One youth soccer group in La Jolla who uses Allen Field wants to change the terms of their lease with the city, requesting an hour-earlier start on Saturdays and use of temporary lights on winter nights.
But their wishes are being opposed - and could be thwarted - by some nearby neighbors of the field.
The field issue was dealt with by the La Jolla Shores Association (LJSA) at its July meeting, but the matter was tabled until a face-to-face meeting with neighbors and community planners could be arranged. That meeting, with about 20 residents present, took place last weekend, said Sherri Lightner, LJSA president.
“The neighbors basically said, ‘We don’t want it (lease changes),’ ” said Lightner, who added neighbors told her they’re going to write a letter to the association opposing changes by soccer groups to their Allen Field lease.
Eric Chapman, a board member on both La Jolla Youth, Inc., and La Jolla Youth Soccer, who use Allen Field, said, due to increased enrollment by both groups, jointly accommodating about 1,800 youth soccer players year-round, that they are requesting the Allen Field lease with the city be amended with two changes. One is to begin use of the field an hour earlier, 7 a.m. rather than 8 a.m., on the busiest day of use, Saturday. The other request is that, during November and December, they be allowed to use temporary lights on the north half of Allen Field only, from 5 p.m. to 7 p.m. Monday through Thursday, to allow practices to occur without having to displace children.
Chapman said, in his view, the amended lease terms are not unreasonable. “If jackhammer construction projects are able to start on Saturdays at 7 a.m.,” he said, “we ought to be able to go out and kick a ball at a city park. With the lights, the neighbors are concerned that, once they allow them, they think it will (use) just grow and grow. But the lights won’t be on during the summer. We just want lights to give kids some time to practice during the two months when it’s dark after school. That’s when it’s really crunch time for practicing.”
Lightner said the lights issue at Allen Field could end up being a moot point, as one neighbor of the field pointed out at last weekend’s meeting with community planners.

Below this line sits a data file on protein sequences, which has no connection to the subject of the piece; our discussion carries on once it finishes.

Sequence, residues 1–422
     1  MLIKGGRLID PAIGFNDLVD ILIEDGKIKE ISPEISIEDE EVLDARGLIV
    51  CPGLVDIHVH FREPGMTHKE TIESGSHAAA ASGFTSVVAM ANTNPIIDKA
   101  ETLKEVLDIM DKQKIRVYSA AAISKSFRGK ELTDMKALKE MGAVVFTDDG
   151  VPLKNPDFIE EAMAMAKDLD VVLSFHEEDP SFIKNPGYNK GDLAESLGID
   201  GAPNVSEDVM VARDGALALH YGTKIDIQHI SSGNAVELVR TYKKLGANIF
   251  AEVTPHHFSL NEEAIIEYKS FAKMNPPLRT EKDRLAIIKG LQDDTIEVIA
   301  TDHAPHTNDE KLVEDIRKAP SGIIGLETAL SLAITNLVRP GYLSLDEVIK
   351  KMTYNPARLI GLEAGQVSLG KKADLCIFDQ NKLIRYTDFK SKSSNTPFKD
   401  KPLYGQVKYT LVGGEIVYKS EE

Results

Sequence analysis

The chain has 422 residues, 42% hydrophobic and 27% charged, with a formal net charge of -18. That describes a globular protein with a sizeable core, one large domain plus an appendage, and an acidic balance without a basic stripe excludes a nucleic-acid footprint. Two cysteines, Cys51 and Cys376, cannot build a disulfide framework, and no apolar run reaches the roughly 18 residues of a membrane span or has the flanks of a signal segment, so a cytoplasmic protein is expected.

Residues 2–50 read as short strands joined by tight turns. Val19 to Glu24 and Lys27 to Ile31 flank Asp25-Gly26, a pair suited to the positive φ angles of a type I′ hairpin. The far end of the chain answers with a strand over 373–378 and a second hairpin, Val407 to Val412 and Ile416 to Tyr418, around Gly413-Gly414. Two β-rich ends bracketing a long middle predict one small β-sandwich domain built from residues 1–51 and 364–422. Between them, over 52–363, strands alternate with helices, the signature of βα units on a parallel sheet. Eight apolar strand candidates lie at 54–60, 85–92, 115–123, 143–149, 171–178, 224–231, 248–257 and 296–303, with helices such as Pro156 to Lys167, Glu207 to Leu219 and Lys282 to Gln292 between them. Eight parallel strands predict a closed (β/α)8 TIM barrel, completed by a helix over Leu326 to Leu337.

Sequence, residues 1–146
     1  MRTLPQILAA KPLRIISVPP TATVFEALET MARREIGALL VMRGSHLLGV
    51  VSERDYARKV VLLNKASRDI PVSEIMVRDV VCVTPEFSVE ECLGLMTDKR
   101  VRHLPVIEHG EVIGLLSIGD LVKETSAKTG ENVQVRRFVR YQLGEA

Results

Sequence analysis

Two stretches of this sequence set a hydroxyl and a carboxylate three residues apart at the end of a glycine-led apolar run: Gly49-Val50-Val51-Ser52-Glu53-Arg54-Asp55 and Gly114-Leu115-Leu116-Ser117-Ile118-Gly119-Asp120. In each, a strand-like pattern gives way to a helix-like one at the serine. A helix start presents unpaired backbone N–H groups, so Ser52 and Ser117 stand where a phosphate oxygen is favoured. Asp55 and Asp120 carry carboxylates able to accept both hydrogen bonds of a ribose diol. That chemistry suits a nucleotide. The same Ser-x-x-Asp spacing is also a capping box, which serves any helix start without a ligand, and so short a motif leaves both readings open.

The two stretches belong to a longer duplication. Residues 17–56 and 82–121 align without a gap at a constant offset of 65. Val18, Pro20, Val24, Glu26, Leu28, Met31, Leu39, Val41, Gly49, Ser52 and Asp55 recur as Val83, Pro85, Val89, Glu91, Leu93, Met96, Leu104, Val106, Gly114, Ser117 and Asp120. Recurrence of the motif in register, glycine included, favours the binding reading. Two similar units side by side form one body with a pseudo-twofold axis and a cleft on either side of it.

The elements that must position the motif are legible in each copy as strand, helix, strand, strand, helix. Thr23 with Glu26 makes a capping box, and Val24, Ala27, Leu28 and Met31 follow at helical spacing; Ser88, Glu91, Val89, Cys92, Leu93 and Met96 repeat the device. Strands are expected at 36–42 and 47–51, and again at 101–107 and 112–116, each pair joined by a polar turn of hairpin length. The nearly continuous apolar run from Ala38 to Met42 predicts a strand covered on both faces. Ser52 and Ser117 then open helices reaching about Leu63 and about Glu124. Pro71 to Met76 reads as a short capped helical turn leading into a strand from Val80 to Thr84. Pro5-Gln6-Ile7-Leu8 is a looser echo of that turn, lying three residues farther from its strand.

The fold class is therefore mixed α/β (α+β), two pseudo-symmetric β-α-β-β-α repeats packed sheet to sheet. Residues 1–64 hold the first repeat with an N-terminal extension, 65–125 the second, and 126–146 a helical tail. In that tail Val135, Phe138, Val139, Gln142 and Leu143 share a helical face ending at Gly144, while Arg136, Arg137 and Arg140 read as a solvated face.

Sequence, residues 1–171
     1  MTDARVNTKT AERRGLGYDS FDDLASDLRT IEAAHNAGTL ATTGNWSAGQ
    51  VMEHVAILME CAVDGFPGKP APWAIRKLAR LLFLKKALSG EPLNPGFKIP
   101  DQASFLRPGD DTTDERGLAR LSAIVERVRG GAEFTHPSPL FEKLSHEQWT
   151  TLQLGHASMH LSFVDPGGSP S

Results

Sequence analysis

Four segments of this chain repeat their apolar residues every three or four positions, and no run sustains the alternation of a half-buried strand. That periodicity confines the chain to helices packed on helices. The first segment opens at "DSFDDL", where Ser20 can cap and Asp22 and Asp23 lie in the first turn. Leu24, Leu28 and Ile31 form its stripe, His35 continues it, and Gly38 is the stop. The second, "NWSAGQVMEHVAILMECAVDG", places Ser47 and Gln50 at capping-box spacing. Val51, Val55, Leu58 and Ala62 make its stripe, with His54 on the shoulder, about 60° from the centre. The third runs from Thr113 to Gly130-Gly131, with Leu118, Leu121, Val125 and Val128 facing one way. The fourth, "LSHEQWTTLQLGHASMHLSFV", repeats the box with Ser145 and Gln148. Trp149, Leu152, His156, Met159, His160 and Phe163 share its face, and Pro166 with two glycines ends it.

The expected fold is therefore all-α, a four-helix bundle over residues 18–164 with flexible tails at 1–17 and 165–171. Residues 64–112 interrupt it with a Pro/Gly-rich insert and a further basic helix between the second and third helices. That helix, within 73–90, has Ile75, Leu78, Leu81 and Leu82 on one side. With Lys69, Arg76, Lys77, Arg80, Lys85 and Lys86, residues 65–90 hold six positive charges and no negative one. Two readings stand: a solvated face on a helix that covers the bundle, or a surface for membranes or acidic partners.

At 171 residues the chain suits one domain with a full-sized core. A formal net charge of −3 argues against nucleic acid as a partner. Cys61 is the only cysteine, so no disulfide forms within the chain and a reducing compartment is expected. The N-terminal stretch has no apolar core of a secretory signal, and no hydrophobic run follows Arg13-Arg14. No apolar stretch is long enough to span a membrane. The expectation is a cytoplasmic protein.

“One of them (neighbors) commented that there are certain requirements for using illuminated lights at fields,” she said. “It’s not clear that they (La Jolla soccer groups) as tenants are able to do whatever they want (with lights). It may take a 50-foot-tall light stand, as there is a requirement for a certain amount of uniformity in (field) lighting. So it’s not clear they will be able to use the temporary lights because of the safety concerns.”
There have been other complaints posed by neighbors about use of Allen Field by youth soccer groups, however, other than hours and lights. Many neighbors have also expressed concern about overcrowded parking and for-profit tournaments at the local field which draw soccer players from areas far outside La Jolla.
Mary Kaliff, Nomads spokeswoman, noted the infrequent tournaments her group holds during the year go a long way toward paying for the maintenance of Allen Field, as well as paying the overhead costs for soccer teams.
“We are contributing 50 percent of the cost of maintenance of Allen Field - $67,000 a year,” said Kaliff, who added the Nomads did not support the request for use of temporary lights at the field, fearing that request would upset neighbors.
Kaliff added the Nomads host tournaments, which draw the best soccer teams from around the country, on only five weekends a year. “These (proceeds) go for maintaining the field and for our (player) scholarship program,” said Kaliff. “We don’t like to turn anybody away. We don’t feel that anybody’s ability to play should be inhibited by their ability to pay.”
Kaliff pointed out the Nomads five annual soccer tournaments benefit the La Jolla business community as well by filling local hotels and restaurants on those weekends. She said there are other benefits too.
“These tournaments bring college coaches from all over the country for recruiting,” Kaliff said. “Without the tournaments, we would not have the money to pay for upkeep of Allen Field, pay our professional coaching and administrative staff, or cover all of our expenses.”
It was also pointed out by Kaliff that the Nomads were instrumental in the installation of Allen Field in the early ‘80s, when Nomads boys raised funds for the field’s clubhouse, which was installed a few years later. The Nomads’ program has been successful. They have won six national titles and been at national competitions 11 times. Currently, two former Nomads players are on the U.S. National team. The Nomads were also accepted into the USSF National Team Program as a player development academy.
Lightner said the next meeting of the LJSA, at which time the issue of Allen Field could be heard, will be Sept. 12.